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John Kelly in the State Dining Room of the White House. Photo: Yuri Gripas / Bloomberg via Getty Images

In an impromptu off-the-record briefing with reporters Friday, White House chief of staff John Kelly went on-the-record to discuss how the White House mishandled the Rob Porter scandal. He added that it opened his eyes to the number of staffers who were still working under interim security clearances, noting that it was “more people than I was comfortable with.”

We didn’t cover ourselves in glory in terms of how we handled that on Wednesday morning.
— Chief of Staff John Kelly

Kelly also offered a detailed timeline, from his point of view, on the events leading up to Porter's exit.

  • Kelly explained that he had only heard of allegations of emotional abuse against Porter when he accepted his resignation and issued a statement praising Porter's professionalism on Tuesday, Feb 6. At that point, Kelly said Porter had denied the claims, calling them "absolutely untrue."
  • "The mix-up came the next day," Kelly said, adding that the photo of Porter's ex-wife with a black eye surfaced on Wednesday, Feb. 7.
  • Kelly also backed up FBI Director Christopher Wray's statement that the Bureau had sent over their report on Porter to the White House security office in March 2017.
"That information was, in the security office’s perspective, only partial information still coming in," Kelly said. "When that got looked at, I do not know. But Chris Wray was right, and it was a shock for me certainly. Because I thought the information that came over was in November."

Take note: Rob Porter's version of events contradicts Kelly's timeline. "The man we all knew, it was an absolute shock," Kelly said of Porter. "His religion, his focus on work, etc. It was just a shock to us all."

  • Kelly added that he had never contemplated resigning in the wake of the messy Porter fallout: “I have absolutely nothing to even consider resigning over.”

Go deeper

The dark new reality in Congress

National Guard troops keep watch at security fencing. Photo: Kent Nishimura/Los Angeles Times via Getty Images

This is how bad things are for elected officials and others working in a post-insurrection Congress:

  • Rep. Norma Torres (D-Calif.) said she had a panic attack while grocery shopping back home.
  • Rep. Jim McGovern (D-Mass.) said police may also have to be at his constituent meetings.
  • Rep. Adam Kinzinger (R-Ill.) told a podcaster he brought a gun to his office on Capitol Hill on Jan. 6 because he anticipated trouble with the proceedings that day.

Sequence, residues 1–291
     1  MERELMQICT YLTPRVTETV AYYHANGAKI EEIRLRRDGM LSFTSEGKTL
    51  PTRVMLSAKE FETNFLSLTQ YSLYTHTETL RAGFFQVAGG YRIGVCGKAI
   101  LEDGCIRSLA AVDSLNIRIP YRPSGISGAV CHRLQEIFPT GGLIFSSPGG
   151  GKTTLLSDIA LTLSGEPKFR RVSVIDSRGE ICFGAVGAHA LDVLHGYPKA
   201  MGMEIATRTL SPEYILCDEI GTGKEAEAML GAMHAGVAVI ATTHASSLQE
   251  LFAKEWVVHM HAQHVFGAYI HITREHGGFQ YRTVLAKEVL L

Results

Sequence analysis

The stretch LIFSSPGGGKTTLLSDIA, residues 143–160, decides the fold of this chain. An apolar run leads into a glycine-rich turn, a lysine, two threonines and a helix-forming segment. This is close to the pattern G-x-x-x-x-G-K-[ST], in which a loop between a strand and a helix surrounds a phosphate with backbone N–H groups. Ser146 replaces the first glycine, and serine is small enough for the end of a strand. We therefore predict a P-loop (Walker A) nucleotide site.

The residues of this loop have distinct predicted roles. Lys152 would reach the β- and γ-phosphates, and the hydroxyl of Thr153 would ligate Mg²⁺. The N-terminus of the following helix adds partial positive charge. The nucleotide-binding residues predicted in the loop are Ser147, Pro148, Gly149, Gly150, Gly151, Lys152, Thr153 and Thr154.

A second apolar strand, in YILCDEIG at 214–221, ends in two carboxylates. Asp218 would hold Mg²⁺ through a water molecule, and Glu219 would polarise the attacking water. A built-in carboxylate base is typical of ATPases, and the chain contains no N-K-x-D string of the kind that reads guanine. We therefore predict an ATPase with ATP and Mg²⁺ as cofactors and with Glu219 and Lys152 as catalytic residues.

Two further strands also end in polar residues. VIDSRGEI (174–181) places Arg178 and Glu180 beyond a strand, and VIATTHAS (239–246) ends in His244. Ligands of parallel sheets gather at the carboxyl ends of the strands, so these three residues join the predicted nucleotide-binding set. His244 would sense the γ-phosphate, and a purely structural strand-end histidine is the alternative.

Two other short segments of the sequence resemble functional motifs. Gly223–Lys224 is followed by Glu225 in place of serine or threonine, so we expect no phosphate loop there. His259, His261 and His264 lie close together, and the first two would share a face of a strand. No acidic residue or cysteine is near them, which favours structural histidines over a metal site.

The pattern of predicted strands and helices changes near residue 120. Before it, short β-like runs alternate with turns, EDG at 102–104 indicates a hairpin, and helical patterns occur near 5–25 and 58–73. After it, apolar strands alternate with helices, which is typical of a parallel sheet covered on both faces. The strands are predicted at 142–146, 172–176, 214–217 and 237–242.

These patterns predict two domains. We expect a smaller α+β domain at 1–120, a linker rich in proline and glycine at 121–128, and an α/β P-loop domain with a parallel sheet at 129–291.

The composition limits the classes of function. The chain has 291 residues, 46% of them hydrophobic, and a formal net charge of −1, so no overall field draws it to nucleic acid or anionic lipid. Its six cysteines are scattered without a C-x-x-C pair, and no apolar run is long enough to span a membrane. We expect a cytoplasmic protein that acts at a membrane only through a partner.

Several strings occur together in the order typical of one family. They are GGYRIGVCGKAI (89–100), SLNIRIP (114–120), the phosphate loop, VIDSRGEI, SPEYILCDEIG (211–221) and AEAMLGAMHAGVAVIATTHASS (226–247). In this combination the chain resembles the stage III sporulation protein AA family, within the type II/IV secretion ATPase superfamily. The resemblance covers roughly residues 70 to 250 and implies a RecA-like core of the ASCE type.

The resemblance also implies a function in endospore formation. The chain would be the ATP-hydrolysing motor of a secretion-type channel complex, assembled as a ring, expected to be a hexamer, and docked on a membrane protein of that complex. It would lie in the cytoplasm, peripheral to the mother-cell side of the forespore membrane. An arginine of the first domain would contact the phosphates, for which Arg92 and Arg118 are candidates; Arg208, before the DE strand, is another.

Off the Rails

Episode 3: Descent into madness ... Trump: "Sometimes you need a little crazy"

Photo illustration: Sarah Grillo/Axios. Photos: Tom Williams/CQ-Roll Call, Chip Somodevilla/Getty Images

Beginning on election night 2020 and continuing through his final days in office, Donald Trump unraveled and dragged America with him, to the point that his followers sacked the U.S. Capitol with two weeks left in his term. This Axios series takes you inside the collapse of a president.

Episode 3: The conspiracy goes too far. Trump's outside lawyers plot to seize voting machines and spin theories about communists, spies and computer software.

President Trump was sitting in the Oval Office one day in late November when a call came in from lawyer Sidney Powell. "Ugh, Sidney," he told the staff in the room before he picked up. "She's getting a little crazy, isn't she? She's really gotta tone it down. No one believes this stuff. It's just too much."

Convicts turn to D.C. fixers for Trump pardons

Trump confidante Matt Schlapp interviews Jared Kushner last February. Schlapp is seeking a pardon for a biotech executive. Photo: Samuel Corum/Getty Images

A flood of convicted criminals has retained lobbyists since November’s presidential election to press President Trump for pardons or commutations before he leaves office.

What we're hearing: Among them is Nickie Lum Davis, a Hawaii woman who pleaded guilty last year to abetting an illicit foreign lobbying campaign on behalf of fugitive Malaysian businessman Jho Low. Trump confidante Matt Schlapp also is seeking a pardon for a former biopharmaceutical executive convicted of fraud less than two months ago.